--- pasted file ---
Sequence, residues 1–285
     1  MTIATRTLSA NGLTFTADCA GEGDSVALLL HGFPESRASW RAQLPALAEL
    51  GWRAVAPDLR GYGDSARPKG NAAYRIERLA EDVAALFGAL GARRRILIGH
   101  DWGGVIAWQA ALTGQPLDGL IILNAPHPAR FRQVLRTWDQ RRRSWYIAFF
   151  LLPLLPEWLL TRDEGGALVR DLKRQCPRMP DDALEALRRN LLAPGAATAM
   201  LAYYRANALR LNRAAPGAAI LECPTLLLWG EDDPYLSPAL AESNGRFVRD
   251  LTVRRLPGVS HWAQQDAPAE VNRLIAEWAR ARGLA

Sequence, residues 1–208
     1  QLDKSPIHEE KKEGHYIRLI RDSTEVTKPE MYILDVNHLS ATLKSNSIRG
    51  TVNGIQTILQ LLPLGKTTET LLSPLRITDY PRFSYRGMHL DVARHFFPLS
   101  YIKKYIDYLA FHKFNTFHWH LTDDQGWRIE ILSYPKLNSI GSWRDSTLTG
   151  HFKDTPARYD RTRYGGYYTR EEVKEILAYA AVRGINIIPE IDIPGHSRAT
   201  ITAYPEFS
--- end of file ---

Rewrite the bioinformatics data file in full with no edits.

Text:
Sequence, residues 1–285
     1  MTIATRTLSA NGLTFTADCA GEGDSVALLL HGFPESRASW RAQLPALAEL
    51  GWRAVAPDLR GYGDSARPKG NAAYRIERLA EDVAALFGAL GARRRILIGH
   101  DWGGVIAWQA ALTGQPLDGL IILNAPHPAR FRQVLRTWDQ RRRSWYIAFF
   151  LLPLLPEWLL TRDEGGALVR DLKRQCPRMP DDALEALRRN LLAPGAATAM
   201  LAYYRANALR LNRAAPGAAI LECPTLLLWG EDDPYLSPAL AESNGRFVRD
   251  LTVRRLPGVS HWAQQDAPAE VNRLIAEWAR ARGLA

Sequence, residues 1–208
     1  QLDKSPIHEE KKEGHYIRLI RDSTEVTKPE MYILDVNHLS ATLKSNSIRG
    51  TVNGIQTILQ LLPLGKTTET LLSPLRITDY PRFSYRGMHL DVARHFFPLS
   101  YIKKYIDYLA FHKFNTFHWH LTDDQGWRIE ILSYPKLNSI GSWRDSTLTG
   151  HFKDTPARYD RTRYGGYYTR EEVKEILAYA AVRGINIIPE IDIPGHSRAT
   201  ITAYPEFS